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‘A country house for children, by children’


Sudbury Hall (and the National Trust Museum of Childhood) has launched plans to model itself as the ‘Children’s Country House’.

The hall, museum and garden is entering a new phase of its existence as part of a two-year programme of changes that will see it become a country house with a child-centric outlook.

The project aims to reimagine, reinvent and reinvigorate Sudbury’s entire programme and approach and – most importantly – its engagement with visitors.

Sudbury’s family audience has grown substantially in recent years and engaging with children has therefore become a key priority.


Sudbury Hall

Sudbury Hall was originally the country home of the Vernon family during the 17th century and passed into the National Trust’s care in 1967.

Like many country houses, the hall has undergone structural changes over the years, and the Museum of Childhood which sits in the old servant’s wing, was established in 1974.


Children and families

Today, Sudbury welcomes a large family audience, so the move towards becoming a heritage experience for children is an apt development.

The team at Sudbury is working towards a future where the whole property, including the garden and museum, offers a day out and experience where children are put first.

The next few years will see a phase of testing, trialling and piloting to determine what the future of Sudbury will look like and how to make children the primary audience.

Children and families will be at the forefront of the testing and learning phase – which will enable a collaborative approach to making decisions on what the Children’s Country House will look and feel like.


Jodie Lees, creative programme manager

Jodie Lees, creative programme manager at Sudbury Hall, comments: “We are working with children and families to ensure that they are the driving force of their visit.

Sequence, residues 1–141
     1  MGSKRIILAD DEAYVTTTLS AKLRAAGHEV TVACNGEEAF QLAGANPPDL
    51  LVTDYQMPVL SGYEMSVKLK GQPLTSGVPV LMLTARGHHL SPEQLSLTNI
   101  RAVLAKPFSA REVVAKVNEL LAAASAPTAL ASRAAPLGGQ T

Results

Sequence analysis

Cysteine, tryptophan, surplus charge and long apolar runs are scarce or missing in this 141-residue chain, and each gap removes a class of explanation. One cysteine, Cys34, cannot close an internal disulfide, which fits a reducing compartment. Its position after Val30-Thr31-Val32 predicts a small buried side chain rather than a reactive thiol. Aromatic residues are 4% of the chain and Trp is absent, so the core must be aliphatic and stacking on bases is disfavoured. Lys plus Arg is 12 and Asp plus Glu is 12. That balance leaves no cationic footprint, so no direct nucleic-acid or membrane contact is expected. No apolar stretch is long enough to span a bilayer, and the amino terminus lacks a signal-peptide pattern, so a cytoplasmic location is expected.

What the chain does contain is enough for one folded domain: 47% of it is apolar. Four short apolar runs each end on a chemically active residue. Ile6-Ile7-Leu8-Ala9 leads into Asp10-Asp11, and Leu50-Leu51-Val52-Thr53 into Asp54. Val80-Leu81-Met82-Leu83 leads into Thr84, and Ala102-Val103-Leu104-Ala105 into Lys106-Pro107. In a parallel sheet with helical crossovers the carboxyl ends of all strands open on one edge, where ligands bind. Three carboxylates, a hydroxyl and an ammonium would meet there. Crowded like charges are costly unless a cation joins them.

“This will involve more engagement and interaction throughout the hall and museum, whilst also reinventing spaces with input from children and families.

“The changes won’t happen over night, we will work closely with families and children over the next few years and are currently developing a space where people can tell us about their visit and what they want from us.”


Nikki Kirby, general manager

Nikki Kirby, general manager at Sudbury Hall, comments: “When we began looking at how we could reinvigorate Sudbury and bring it into the 21st century, we knew children and families needed to be at the heart of everything we do.

“Our ambition is to become an immersive heritage experience where children feel engaged, important and empowered.”


Places for everyone

The new project at Sudbury is underpinned by the National Trust’s core values of looking after special places, for everyone.

The Children’s Country House is the first of its kind for the National Trust and the child-centred approach offers a great opportunity for the Trust to create a place and experience specifically for a younger audience.

Visitors are encouraged to get involved in the project and can get regular updates by visiting or




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